Because SEPTA likes being confusing, the 22 only stays on Broad Street in the northbound direction. Southbound people? Nah, you’re going on Old York Road. It basically just curves a tiny bit away (no more than a block) from Broad Street for a bit before curving back. It was home to a few apartment buildings, some churches, and a ton of rowhouses. Just before the road merged back into Broad Street, we took a left onto Nedro Ave before swinging a right onto the residential Park Ave, a half-block away from Broad. This was just so we could loop into the Olney Transportation Center, which was, coincidentally, very close by!
Route: 22 (Warminster and Willow Grove to Olney Transportation Center)
Ridership: The route gets an average of 4,640 riders per weekday, and most of those are concentrated in the portion south of Willow Grove Park Mall. For example, my ride got a total of 44 people, but just 15 came from north of Willow Grove – plus, the route is significantly more frequent on its inner section. It’s also worth noting that while there’s definitely a contingency of people who commute into the city using the 22, it also has a significant amount of reverse commute ridership, both to Willow Grove and to Warminster.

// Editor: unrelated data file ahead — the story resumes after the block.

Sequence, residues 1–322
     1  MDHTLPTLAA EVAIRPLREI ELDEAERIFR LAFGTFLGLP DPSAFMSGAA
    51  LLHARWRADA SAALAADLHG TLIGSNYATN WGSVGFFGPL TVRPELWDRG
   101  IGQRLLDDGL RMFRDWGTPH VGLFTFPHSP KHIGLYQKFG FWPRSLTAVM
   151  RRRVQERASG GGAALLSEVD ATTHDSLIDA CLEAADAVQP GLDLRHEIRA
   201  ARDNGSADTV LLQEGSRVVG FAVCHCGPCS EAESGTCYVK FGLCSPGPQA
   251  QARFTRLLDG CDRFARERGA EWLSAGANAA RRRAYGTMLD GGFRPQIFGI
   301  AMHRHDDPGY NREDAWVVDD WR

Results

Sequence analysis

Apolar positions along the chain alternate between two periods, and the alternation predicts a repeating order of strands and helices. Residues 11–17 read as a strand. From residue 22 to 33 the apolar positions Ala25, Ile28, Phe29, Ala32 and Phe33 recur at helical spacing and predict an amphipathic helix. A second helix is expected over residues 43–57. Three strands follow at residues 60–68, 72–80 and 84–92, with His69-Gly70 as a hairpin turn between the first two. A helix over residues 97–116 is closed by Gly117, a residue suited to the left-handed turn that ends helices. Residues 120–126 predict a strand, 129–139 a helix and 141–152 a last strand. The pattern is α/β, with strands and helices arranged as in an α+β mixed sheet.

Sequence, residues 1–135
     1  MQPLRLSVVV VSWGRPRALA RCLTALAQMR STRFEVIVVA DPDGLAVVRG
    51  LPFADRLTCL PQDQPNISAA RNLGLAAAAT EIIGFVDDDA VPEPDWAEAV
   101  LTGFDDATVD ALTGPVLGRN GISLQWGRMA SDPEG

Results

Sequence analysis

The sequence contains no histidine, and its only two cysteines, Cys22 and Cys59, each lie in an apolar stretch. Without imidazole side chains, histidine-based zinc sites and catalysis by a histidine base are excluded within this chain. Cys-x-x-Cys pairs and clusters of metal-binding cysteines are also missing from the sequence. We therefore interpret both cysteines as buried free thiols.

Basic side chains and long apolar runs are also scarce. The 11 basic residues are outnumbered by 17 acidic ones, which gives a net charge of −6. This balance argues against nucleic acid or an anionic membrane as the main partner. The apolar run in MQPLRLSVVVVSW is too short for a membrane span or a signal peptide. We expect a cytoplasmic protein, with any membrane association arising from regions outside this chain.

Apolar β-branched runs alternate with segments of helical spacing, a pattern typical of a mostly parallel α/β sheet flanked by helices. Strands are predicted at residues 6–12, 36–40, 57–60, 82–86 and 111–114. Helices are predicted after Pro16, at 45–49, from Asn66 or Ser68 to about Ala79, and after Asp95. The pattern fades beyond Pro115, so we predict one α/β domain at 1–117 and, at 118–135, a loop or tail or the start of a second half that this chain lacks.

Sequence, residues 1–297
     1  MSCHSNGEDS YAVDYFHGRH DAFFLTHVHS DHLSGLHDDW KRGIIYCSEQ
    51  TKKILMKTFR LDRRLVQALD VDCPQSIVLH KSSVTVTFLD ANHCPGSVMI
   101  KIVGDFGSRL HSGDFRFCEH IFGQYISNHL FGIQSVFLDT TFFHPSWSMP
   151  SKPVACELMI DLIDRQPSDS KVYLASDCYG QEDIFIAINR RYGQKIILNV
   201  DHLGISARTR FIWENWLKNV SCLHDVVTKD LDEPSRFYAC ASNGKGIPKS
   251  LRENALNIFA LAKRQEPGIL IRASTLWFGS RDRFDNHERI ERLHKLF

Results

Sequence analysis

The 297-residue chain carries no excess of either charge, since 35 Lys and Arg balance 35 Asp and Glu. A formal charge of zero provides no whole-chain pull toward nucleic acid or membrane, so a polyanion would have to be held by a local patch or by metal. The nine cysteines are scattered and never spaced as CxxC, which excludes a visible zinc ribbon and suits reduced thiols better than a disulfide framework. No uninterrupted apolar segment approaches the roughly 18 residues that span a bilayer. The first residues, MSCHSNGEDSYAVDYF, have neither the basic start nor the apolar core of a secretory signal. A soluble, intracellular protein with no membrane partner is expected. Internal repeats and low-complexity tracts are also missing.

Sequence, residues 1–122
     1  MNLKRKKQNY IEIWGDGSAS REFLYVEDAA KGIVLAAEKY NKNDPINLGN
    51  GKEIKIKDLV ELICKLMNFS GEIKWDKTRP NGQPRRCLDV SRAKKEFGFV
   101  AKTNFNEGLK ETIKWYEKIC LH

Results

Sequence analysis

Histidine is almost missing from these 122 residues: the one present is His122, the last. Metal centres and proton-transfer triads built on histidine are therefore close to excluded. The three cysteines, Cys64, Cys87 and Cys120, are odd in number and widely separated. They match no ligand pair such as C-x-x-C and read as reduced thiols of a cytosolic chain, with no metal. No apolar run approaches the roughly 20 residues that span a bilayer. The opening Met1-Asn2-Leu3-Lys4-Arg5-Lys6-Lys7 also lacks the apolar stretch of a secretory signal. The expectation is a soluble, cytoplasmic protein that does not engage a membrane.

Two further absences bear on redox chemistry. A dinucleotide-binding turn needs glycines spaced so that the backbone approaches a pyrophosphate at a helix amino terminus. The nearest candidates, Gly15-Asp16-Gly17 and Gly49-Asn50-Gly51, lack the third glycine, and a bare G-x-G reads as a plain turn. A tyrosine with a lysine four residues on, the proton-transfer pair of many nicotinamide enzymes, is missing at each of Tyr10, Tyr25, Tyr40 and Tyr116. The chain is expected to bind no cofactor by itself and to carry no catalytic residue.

Pros: Willow Grove is a huge destination, exemplified by the fact that SEPTA can have two rather popular routes that travel there from Olney, the other being the 55. Both of these routes also travel to faraway places, with the 22’s Warminster section seeming to nab pretty good ridership, especially in the reverse-peak direction. It helps that the schedule is so well-optimized: weekday midday service is every 20 minutes as far as Willow Grove, and every third bus continues to Warminster, creating hourly service. Of course, the route is more frequent to both at rush hour, while the Saturday schedule operates every 30 minutes to Willow Grove and hourly beyond – reasonable for a suburban environment.